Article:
Mr. Speaker, I am pleased to speak in support of Bill C-219. I know that justice issues are very important to my colleague from Wild Rose. This bill is simple. It is not rocket science. A person stealing a vehicle to rob a bank will be subject to a third offence of stealing a vehicle to commit another crime. That third offence will get an automatic one-year sentence added to the sentence for other offences.
We have already heard government members speak in opposition to this legislation. That is most unfortunate, but not really surprising. Once again this government sings the tune that it is in favour of safer streets and more secure communities, but when it gets down to the short strokes it typically fails to dance the dance and continues to maintain the status quo. Government members are quick to cite support from the Canadian Association of Chiefs of Police when they happen to be on the same page, but they invariably ignore these same chiefs when additional protections are sought. As mentioned by the member for Wild Rose, the chiefs themselves initially proposed this change to our law.
The Parliamentary Secretary to the Minister of Justice claims that Canadians are already well served by common law principles of sentencing and current legislation.
Going back to my initial example, yes, there is an offence for stealing a motor vehicle and, yes, there is an offence for robbing a bank and, yes, a judge considers both the theft and the robbery at sentencing. However, we all know that multiple convictions virtually always draw concurrent sentences.
Bill C-219 impresses upon those judges that they are to proceed as always by imposing an appropriate sentence, but that they are then to add another year to the total. As part of their function they are to consider the wishes and instructions of parliament which, if it supports this bill, will serve notice to both potential offenders and the courts that the representatives of the people are seriously concerned with the theft of motor vehicles to commit other offences and we have decided to pronounce additional condemnation.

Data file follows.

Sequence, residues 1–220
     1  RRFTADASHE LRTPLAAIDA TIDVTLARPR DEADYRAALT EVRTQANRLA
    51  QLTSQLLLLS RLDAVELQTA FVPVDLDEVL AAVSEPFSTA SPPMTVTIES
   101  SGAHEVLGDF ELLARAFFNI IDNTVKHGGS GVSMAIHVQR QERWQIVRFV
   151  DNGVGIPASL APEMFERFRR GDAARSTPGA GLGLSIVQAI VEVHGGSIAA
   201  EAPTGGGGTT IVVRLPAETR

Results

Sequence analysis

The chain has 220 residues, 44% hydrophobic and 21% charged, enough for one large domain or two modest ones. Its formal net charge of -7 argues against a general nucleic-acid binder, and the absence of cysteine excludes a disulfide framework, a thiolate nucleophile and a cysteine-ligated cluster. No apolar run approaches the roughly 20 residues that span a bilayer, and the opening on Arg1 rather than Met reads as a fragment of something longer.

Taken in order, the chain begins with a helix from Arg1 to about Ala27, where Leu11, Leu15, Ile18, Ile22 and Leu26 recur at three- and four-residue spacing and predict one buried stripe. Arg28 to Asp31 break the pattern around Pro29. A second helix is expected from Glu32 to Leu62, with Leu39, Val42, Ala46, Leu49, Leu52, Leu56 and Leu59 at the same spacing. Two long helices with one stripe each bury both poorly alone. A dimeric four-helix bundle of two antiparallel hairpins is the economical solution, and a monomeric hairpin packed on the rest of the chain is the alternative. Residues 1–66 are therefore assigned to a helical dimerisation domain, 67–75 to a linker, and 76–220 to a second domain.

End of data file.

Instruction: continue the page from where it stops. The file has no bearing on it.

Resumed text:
I will point out some of the justification for this proposal. According to Statistics Canada, some 178,580 vehicles were stolen in 1996. The rate of vehicle theft has been increasing for eight consecutive years, nearly doubling since 1988. In 1995-96 the cost of stolen vehicles and their components amounted to $600 million. That is $600 million a year for vehicle theft.
Both the solicitor general and the justice minister have received strong messages to introduce policy to reduce auto theft. The problem is not just with auto as in car theft; there has been a large increase in the number of trucks stolen in recent years given the tremendous increase in popularity of minivans and sport utility vehicles.
These statistics reveal the nature of the problem of auto theft in Canada. Of course not all stolen vehicles are subsequently involved in other crime. This legislation addresses the problem of the more professional criminal, those who steal a vehicle and then continue on to other criminal activities. Surely these individuals deserve extra attention.
One thing I have learned here is this government's resistance to change. It is most often quite content with the status quo. It only moves on crises. Another is its apparent policy of not permitting any individual member of this place to succeed in bringing forth change. As a member of the committee on justice and human rights, I continue to see this government through ministers and parliamentary secretaries being unwilling to support private member initiatives, especially those of the opposition. We can only hope that members of the government backbench will see the wisdom of Bill C-219.
Opposition to the bill appears to be based solely on the reliance on present laws to properly address the problem. If the present laws are doing the job, then why do we have this epidemic of motor vehicle theft? Why do we have a proliferation of anti-theft devices for vehicles? Why are manufacturers installing satellite tracking systems in many new vehicles? Why, when we walk on virtually any urban street in Canada, do we see a variety of locking bars on steering wheels or little red lights flickering on the dashboard indicating that an alarm system is armed?